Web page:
When the Kia Seltos made its debut, we were impressed by its pricing and standard equipment list. For a shade over one million Pesos, it sure packed a lot for the money. For their first anniversary (under Ayala management), Kia took us on a 600 kilometer road trip with all the variants of the Seltos. Yes, we've driven it before and we've shared what we thought of the entry-level LX variant, and the impressions were very good.
So this epic road trip was a little bit different. Instead of finding what we liked and didn't about it, which we already did before, I thought I'd dig deeper as to what makes it such a competent car.
See, the Seltos isn't just designed for one region. As Kia put it, it's a car for the world so not only does it have to have a high standard here in Asia, it must meet the demands and exceptions of the global market as well. What makes this even more difficult for Kia is the fact that it has to be competitively priced around the world too. Ask any car company just how difficult it is to pack value in a car and make it to the standards worldwide. They'll explain to you just how much work and overtime their teams have to put into developing, engineering, and marketing such a vehicle.
With that short but challenging brief in mind, Kia really did pull out all the stops for the Seltos. It's something you feel the moment you get in it. Yes, there's hard plastic just about everywhere in this small crossover, but it makes up for it the moment you start touching dials and buttons in it. There's a satisfying feeling when you press a button in there and it doesn't feel like you're pressing something built to a price. There's a solid, tactile feel that gives you the impression you're in a car more expensive than the price tag suggests. It's all about touch points in the Seltos, and Kia got it spot on.
Then there's the equipment list and it's comprehensive from the get go. We've covered it before with the base LX and it gets a comprehensive infotainment system that not only plays music files, but also displays vehicle status and vehicle options. But perhaps what makes this infotainment system even more competitive is the fact that it has Apple CarPlay and Android Auto. The fact that it's standard even in the entry-level model shows that Kia Philippines' product planners are thinking ahead of the tech curve as well. It also makes the Seltos LX an attractive value proposition too at Php 1,098,000.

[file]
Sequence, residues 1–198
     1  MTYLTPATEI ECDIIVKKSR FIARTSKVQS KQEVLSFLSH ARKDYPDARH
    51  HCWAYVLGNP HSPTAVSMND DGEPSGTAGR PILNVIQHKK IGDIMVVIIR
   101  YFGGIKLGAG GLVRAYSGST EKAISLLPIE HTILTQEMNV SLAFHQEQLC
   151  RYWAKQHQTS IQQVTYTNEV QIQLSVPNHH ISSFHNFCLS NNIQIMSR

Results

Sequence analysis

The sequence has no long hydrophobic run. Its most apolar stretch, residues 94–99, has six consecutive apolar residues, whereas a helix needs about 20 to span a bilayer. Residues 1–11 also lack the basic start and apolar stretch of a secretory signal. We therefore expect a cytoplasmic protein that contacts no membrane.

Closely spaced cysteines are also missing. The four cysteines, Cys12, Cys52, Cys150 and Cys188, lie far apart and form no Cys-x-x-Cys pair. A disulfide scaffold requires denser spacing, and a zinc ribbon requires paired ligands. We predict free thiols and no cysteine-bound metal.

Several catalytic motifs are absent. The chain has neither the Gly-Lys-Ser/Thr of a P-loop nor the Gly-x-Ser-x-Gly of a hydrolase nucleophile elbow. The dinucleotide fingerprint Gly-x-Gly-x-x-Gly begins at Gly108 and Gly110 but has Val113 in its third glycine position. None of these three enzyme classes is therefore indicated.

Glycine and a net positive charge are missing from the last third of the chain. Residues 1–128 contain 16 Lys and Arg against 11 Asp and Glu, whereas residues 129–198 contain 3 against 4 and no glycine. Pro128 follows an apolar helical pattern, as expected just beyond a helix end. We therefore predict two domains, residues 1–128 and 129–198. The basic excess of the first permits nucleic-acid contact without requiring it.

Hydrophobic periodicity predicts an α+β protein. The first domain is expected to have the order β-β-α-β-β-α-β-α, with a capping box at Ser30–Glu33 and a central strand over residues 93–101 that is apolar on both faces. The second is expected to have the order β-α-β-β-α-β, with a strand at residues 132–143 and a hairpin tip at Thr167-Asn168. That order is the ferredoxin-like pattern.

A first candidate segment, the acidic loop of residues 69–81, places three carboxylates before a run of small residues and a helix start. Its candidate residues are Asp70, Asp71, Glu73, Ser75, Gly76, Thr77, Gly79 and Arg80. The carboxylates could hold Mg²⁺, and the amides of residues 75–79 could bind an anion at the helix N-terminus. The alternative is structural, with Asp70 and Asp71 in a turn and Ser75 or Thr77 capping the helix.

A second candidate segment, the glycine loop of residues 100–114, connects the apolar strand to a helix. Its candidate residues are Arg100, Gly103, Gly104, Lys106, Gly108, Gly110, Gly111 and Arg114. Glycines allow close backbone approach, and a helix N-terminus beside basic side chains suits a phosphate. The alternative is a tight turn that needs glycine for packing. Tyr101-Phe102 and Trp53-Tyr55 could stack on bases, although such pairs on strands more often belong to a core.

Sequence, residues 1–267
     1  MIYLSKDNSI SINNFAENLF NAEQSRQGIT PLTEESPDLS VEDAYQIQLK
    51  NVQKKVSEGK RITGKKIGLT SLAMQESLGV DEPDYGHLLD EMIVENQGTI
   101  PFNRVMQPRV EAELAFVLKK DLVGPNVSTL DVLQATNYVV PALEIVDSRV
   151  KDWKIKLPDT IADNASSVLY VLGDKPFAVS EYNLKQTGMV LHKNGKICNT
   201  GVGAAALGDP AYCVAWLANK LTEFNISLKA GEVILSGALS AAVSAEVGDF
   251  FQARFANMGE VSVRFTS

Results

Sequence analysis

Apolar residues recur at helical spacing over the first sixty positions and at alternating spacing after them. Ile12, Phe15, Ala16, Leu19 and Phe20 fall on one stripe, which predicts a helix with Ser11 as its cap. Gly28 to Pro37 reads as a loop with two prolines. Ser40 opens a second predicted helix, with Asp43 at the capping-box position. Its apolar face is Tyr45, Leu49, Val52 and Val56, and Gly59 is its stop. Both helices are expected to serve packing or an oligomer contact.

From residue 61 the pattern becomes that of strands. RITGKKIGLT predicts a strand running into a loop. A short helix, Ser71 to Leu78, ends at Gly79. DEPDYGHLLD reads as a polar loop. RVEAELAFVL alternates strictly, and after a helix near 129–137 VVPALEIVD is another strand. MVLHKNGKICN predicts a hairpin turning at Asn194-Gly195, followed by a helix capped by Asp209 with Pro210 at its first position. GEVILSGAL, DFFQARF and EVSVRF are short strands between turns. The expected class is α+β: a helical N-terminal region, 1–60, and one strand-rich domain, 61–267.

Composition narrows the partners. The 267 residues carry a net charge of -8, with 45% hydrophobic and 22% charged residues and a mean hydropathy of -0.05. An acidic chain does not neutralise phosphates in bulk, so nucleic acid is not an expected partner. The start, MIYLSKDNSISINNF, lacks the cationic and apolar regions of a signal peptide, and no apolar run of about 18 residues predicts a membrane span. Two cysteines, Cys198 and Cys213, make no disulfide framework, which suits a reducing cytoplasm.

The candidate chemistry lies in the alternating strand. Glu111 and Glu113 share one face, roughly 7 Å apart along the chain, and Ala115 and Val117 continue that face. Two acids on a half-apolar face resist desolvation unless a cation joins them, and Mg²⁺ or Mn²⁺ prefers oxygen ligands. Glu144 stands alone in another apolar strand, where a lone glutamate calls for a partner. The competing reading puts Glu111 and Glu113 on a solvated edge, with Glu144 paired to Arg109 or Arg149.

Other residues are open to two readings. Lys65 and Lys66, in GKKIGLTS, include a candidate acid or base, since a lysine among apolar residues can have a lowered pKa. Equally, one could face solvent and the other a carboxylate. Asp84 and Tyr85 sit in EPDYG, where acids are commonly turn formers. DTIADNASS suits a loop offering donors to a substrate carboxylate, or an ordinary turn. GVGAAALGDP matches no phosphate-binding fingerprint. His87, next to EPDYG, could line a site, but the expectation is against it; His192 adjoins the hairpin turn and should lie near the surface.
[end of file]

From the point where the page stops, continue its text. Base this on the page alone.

The higher-spec models simply add more icing on the cake. The mid-level EX for instance adds LED daytime running lights, fog lights, exterior enhancements and cruise control adds Php 100,000 to the base price (Php 1,198,000). The top-spec SX on the other hand gains stability control, side airbags, full LED headlights, and push-start for an extra Php 400,000 on top of the base LX's price (Php 1,498,000). Sure, that may seem steep but equipment levels are comparable to the likes of the Honda HR-V, Mazda CX-30, and Subaru XV. The only thing I wish the Seltos had was rear air-conditioning vents and stability control for the EX variant at the very least.
Once you get moving, you'll be surprised that the Seltos rides comfortably. It's not wallowy either, which is a trait commonly associated with soft-riding cars. You can tell that engineers and test drivers spent years toiling over how it should ride over bumps. What's even more surprising is the fact that it can cling on to corners despite the inclination towards comfort. Sure it doesn't have the most communicative steering, but drives well nonetheless. So Kia didn't just stuff the car full of features, they fine-tuned the underchassis too.
On to the engine and it's a surprise Kia was able to put in a 2.0-liter mill at its starting price point. Again, I wish it had better throttle response but it picks up and goes once you give it more motivation. Despite the engine size, it's efficient as we rarely saw it dip below 10 kilometers per liter in the course of 600 kilometers.
Also helping it is the transmission, which Kia calls IVT. Fundamentally, it's a CVT and Kia themselves said so. The thing is, Kia added 'shift points' to make it feel like an automatic and it really does. Developing tech like that doesn't come cheap, which makes the value proposition of the car even more outstanding.
I can't help but give Kia a pat on the back for the Seltos. It's well-equipped, suspension tuning is good, practical, efficient, and great value. It's not just a good car for the price; it's a good car, full stop. That price of entry is simply icing on the cake.